That’s a pretty popular parable, isn’t it? One of the nicest features of it is that soon after sharing it He also explained its meaning:

18 “Hear then the parable of the sower: 19 When anyone hears the word of the kingdom and does not understand it, the evil one comes and snatches away what has been sown in his heart. This is what was sown along the path. 20 As for what was sown on rocky ground, this is the one who hears the word and immediately receives it with joy, 21 yet he has no root in himself, but endures for a while, and when tribulation or persecution arises on account of the word, immediately he falls away. 22 As for what was sown among thorns, this is the one who hears the word, but the cares of the world and the deceitfulness of riches choke the word, and it proves unfruitful. 23 As for what was sown on good soil, this is the one who hears the word and understands it. He indeed bears fruit and yields, in one case a hundredfold, in another sixty, and in another thirty” (Matthew 13:18-23).

As Jesus walk us through His effective metaphor, we see it culminate in a harvest of fruit from those who “[hear] the word and [understand] it”…”in one case a hundredfold, in another sixty, and another thirty.” The parable also gives fair warning that not all the harvests are successful. Some of us:

  • Don’t understand “the word of the kingdom” and the devil “snatches away what has been sown in his heart” (have you seen birds eat seed?)
  • Have no root and fall way when our faith leads to trouble (have you seen a small-rooted plant easily knocked over?)
  • Allow the worries of life and desire for material things to “choke the word” (have you ever seen weeds take over a garden??

Even in our non-agrarian society we can connect with those analogies…and…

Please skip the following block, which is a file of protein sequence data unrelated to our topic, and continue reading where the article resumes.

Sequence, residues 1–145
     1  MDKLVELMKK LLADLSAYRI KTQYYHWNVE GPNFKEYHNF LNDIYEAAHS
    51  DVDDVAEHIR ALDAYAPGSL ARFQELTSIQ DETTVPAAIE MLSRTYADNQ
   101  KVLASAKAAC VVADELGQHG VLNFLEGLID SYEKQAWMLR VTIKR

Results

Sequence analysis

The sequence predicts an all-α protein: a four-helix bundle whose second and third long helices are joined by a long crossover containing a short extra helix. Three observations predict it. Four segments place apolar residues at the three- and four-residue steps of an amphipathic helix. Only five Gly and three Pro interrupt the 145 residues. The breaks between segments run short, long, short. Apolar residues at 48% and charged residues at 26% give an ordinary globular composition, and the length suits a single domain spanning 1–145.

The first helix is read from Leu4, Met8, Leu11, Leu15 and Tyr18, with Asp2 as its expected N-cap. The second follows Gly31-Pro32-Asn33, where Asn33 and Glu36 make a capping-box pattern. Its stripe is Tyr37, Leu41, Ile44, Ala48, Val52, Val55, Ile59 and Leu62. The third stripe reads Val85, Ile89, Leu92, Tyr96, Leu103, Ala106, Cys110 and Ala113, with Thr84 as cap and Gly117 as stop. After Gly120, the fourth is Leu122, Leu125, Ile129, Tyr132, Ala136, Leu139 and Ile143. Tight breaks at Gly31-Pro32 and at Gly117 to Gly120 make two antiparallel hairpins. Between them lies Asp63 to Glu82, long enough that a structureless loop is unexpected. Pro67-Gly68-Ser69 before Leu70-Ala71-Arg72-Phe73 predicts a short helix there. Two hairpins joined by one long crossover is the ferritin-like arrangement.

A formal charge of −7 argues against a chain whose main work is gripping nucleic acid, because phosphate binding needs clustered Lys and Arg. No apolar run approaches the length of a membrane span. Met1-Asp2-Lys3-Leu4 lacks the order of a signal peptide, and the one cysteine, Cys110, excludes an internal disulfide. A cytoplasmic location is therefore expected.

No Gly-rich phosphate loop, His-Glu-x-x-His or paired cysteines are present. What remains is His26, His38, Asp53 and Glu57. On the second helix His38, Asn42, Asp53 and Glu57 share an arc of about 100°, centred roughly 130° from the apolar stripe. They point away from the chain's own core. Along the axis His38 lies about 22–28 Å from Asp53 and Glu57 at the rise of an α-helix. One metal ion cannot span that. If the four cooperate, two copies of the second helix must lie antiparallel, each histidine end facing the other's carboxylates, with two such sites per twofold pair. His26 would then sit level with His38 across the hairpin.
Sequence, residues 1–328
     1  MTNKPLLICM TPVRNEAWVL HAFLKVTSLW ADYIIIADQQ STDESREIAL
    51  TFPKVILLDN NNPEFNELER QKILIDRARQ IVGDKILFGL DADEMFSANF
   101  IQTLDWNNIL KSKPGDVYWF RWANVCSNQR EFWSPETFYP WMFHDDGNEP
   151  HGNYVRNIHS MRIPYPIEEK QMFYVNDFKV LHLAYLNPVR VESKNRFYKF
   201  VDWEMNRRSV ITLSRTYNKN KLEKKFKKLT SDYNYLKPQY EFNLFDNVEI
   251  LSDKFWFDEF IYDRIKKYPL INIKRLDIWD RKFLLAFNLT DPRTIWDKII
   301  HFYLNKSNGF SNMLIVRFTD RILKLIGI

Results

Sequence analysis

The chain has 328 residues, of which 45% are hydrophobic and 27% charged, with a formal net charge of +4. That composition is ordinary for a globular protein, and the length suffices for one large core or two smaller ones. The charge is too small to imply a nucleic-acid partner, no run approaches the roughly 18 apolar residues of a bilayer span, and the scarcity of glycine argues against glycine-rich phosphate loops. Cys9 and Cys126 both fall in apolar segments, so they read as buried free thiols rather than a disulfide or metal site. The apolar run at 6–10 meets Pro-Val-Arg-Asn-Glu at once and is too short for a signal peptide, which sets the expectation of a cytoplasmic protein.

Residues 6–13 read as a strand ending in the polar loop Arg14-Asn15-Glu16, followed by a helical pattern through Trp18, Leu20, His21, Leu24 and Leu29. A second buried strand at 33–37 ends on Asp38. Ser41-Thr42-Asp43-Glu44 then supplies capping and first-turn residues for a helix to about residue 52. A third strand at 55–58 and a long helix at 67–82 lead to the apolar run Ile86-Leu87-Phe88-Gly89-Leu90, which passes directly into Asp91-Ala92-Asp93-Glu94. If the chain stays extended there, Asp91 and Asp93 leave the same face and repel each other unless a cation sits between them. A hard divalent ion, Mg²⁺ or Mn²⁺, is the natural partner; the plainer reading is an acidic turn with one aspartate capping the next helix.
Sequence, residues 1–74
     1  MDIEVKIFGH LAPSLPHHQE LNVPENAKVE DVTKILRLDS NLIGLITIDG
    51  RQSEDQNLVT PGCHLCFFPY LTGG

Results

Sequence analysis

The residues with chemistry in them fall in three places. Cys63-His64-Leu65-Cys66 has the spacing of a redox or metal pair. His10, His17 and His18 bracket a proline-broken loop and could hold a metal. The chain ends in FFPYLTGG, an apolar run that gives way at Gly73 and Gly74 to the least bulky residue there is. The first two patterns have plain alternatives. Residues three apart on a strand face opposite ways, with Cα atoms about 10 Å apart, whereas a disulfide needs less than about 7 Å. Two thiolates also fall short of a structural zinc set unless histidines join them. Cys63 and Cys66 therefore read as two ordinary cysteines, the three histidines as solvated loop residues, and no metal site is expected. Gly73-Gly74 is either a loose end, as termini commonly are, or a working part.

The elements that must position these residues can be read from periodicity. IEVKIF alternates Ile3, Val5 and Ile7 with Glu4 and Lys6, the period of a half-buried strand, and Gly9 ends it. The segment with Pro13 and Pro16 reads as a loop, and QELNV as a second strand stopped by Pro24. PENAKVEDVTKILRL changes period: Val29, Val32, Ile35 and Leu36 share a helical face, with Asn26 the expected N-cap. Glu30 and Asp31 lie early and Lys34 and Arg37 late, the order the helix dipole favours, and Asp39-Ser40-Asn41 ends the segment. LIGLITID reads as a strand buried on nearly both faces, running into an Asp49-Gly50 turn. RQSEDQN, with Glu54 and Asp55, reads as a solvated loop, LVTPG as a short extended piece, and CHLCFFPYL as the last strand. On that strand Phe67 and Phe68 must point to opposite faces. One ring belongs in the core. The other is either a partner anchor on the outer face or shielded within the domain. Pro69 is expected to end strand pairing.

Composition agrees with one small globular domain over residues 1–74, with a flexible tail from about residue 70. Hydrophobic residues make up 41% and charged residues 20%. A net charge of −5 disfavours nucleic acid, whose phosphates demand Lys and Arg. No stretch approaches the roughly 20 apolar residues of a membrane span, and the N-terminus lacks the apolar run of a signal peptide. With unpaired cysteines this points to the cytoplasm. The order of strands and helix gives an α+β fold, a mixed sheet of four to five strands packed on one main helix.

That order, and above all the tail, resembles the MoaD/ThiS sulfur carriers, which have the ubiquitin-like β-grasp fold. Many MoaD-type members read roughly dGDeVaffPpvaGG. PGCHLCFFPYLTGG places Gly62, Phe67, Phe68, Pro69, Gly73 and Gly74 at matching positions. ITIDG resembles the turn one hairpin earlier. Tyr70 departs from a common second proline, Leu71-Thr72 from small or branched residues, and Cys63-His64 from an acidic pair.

I think we can all pray that we aren’t in one of those three categories…and instead “hear the word and understand it.” It should be noted that if you aren’t bearing fruit every indication there is something wrong with your soil…

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Harvest Field

I’ve promised myself I was going to keep this talk a bit shorter than my usual sermons…so I’ll wrap up discussing the biblical use of harvest that most stands out to me. Let’s take a look at John 4:31-38:

31 Meanwhile the disciples were urging him, saying, “Rabbi, eat.” 32 But he said to them, “I have food to eat that you do not know about.” 33 So the disciples said to one another, “Has anyone brought him something to eat?” 34 Jesus said to them, “My food is to do the will of him who sent me and to accomplish his work. 35 Do you not say, ‘There are yet four months, then comes the harvest’? Look, I tell you, lift up your eyes, and see that the fields are white for harvest. 36 Already the one who reaps is receiving wages and gathering fruit for eternal life, so that sower and reaper may rejoice together. 37 For here the saying holds true, ‘One sows and another reaps.’ 38 I sent you to reap that for which you did not labor. Others have labored, and you have entered into their labor.”